Tuesday, August 25, 2015

The SAS Problem is here!

Enter the lengths of two sides of a triangle and the measures of the angle those two angles form, and this will give you a sketch and the opportunity to show the missing measures.
It was designed with the goal of giving students/teachers and inexhaustible supply of practice. Students can create and solve their own problems, and be able to check their results. The twofold gain is allowing students to discover when they have errors all by themselves, and saving the teacher from the role of answer-checker.

Tuesday, August 18, 2015

Motivate students and hold them accountable..

John Metallo has a short article in the Albany Times Union of Saturday. August 15, 2015. The entire article can be found here. In under 20 sentences, he pretty much nails the issue regarding student success in school.

The victory of Jason Day in the PGA Championship has reminded me that the road to success has three major parts: decent opportunities, good guidance (instruction), and the will to succeed. Far too often the latter is ignored when it comes to education "reform". I suspect that is because the powers-that-be feel they have no power to change the students' "will", but see an easy route via changing the "guidance" and "opportunities". You know the old theory of "change what you can."

Our New York governor seems to be all over "accountability" for teachers and schools, yet somehow absolves students of any responsibility in the matter.  I fully believe that students have the ultimate responsibility, but I also feel that the adults in their world can do much much more to help them get motivated.

The famous quote (prayer, call it what you wish) goes like this:
God, grant me the serenity to accept the things I cannot change,
The courage to change the things I can,
And the wisdom to know the difference.

This, as a code for life, might seem self-evident, but it is anything but. Taken literally, it can lead to a feeling of complacency. It presumes wisdom, but how do we measure our own wisdom? What if we sense, incorrectly, that there is something that we cannot change? Unless we acknowledge our lack of wisdom, we would be falsely serene.

I believe that, as a culture, we have underestimated our powers to improve student motivation. We have become complacent in that regard, passing the buck to causes we perceive as beyond our control.

Perhaps it is time to address the issue of focusing on student failure over and above school failure. Successfully eliminating student failure would, in essence, eliminate failing schools. Yet, doing such is impossible without addressing student motivation (the "will to succeed").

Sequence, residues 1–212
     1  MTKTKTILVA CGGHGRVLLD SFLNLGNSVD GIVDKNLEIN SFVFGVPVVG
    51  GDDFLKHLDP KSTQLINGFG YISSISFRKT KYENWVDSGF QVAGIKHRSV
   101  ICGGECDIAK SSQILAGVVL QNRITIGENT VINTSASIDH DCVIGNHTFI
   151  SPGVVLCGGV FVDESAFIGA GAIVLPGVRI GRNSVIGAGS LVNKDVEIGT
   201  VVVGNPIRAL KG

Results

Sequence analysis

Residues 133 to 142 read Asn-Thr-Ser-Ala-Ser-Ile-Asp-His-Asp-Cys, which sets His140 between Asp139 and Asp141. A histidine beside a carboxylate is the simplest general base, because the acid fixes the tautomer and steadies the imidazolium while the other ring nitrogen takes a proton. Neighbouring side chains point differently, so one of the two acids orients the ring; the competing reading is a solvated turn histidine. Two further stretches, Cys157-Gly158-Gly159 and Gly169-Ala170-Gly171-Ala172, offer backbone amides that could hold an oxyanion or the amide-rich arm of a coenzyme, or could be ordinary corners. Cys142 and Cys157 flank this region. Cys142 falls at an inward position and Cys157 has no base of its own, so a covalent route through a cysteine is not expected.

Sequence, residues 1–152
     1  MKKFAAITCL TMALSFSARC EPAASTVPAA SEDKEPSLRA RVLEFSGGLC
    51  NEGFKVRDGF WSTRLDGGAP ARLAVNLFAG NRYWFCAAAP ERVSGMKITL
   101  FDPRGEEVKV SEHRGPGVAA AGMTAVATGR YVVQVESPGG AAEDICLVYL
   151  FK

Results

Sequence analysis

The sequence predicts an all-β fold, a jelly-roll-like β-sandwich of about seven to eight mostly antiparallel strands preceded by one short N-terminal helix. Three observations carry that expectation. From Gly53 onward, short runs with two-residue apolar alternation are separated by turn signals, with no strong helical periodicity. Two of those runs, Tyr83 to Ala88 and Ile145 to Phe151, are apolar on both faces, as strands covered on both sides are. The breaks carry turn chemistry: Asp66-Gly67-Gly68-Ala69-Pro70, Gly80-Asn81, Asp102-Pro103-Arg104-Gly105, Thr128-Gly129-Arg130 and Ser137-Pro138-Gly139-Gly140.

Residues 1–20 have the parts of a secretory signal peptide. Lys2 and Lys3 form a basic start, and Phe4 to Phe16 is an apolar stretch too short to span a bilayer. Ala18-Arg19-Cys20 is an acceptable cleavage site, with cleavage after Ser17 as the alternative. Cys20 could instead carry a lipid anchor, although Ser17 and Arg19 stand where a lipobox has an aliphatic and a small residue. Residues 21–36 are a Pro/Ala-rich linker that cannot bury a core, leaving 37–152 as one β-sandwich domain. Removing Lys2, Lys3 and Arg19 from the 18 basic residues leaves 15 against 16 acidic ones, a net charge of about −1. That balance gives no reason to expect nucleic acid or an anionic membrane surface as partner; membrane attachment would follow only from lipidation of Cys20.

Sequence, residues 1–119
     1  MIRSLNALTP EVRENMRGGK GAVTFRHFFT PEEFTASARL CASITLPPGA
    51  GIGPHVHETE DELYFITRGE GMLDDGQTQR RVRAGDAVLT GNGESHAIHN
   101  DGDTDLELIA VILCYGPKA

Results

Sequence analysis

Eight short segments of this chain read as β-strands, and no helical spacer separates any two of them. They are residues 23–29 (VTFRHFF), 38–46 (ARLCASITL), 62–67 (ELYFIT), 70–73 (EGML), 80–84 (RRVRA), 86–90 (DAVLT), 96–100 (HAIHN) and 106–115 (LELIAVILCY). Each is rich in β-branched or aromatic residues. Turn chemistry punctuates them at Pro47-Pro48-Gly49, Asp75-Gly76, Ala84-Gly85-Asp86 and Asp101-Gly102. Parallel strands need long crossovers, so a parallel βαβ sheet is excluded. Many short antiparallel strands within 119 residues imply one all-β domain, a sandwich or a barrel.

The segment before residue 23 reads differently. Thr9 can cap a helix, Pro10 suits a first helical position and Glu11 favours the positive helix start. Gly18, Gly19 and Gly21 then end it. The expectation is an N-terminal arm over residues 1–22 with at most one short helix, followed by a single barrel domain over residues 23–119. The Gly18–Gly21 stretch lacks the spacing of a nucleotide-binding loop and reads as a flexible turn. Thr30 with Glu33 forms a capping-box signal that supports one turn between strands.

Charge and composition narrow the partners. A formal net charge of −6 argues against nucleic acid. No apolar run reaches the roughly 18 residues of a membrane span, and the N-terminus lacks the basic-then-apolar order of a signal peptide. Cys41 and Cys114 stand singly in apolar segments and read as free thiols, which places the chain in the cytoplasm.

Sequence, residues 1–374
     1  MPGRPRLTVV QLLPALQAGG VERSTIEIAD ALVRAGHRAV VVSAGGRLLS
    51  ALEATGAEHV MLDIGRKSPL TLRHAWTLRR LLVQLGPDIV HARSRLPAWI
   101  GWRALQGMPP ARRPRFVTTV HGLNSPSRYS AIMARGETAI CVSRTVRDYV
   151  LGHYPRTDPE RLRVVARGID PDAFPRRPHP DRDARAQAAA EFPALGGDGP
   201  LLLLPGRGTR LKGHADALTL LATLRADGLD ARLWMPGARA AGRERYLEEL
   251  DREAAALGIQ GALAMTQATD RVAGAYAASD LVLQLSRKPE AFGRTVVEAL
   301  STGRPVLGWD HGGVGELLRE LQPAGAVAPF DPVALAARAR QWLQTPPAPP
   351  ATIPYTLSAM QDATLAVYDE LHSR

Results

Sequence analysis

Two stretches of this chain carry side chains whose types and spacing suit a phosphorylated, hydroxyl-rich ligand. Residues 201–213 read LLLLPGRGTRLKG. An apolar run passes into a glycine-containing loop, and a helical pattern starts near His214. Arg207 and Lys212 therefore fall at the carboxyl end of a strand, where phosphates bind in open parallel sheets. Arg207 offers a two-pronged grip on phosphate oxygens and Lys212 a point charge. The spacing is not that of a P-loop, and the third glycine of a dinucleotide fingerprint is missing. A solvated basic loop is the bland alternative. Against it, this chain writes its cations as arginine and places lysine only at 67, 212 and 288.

I hope that I am doing a small part with my work in GeoGebra and my inclusion of some of them in my blog postings. What I do know is that I would make sure that students spent whatever time they could working with GeoGebra, not because it is a panacea for mathematics instruction, but because it could be one of the best motivating factors we have.

Monday, August 17, 2015

ASA is Here!!

Last week I posted a GeoGebra file for the SSS problem in trigonometry. Here is a companion for the ASA setting. Another example of how dynamic geometry can be a powerful aid in school.
File available at http://tube.geogebra.org/m/1489891

Wednesday, August 12, 2015

Make sure you know all sides of it and see it from all angles!

This was created with the specific goal of supplying self-practice for students in which they can check their own results. It might also be adapted for classroom use.
It continues my quest to see dynamic geometry (such as GeoGebra used here) become an integral part of school mathematics.

Tuesday, August 11, 2015

Math is Art is Math is Art

Just another example of the interface between artistic design and mathematics.
Are schools connecting the two disciplines yet?
math is fun!!!

Monday, August 10, 2015

What Strength!!

Here is a picture of a pair of sneakers hanging from power (or telephone) lines on a road just outside of Valatie, NY. These sneakers have been hanging there for years. At least 5 years if not ten or more. 

During these years we have had storms blow through that have knocked down tree limbs and even entire trees. Ice storms that have made birch trees bend over to touch the ground. We have had snow falls of two feet or more, driving rains that have sent water around closed windows into rooms of houses. In addition, we have had summer heat waves well into the 90's, and thunderstorms that have sent lightning to the ground with a vengeance.

Despite all these weather extremes, these sneakers have stood their ground (or wire, if you wish).

All I want to know is: What kind of laces do they have? 

Tuesday, August 4, 2015

Birth of a Hexagon

The first image shown here was initially created in Geogebra, and then saved as an animated gif, and edited a bit for size on screen  (and to keep file size down.) The second is an embedding of the actual Geogebra file (available here)

My main point in creating it was twofold: 1) another example of how dynamic geometry can be used with students at younger and younger ages, and 2) a bit of practice for me in using a single slider as a time line for an animation.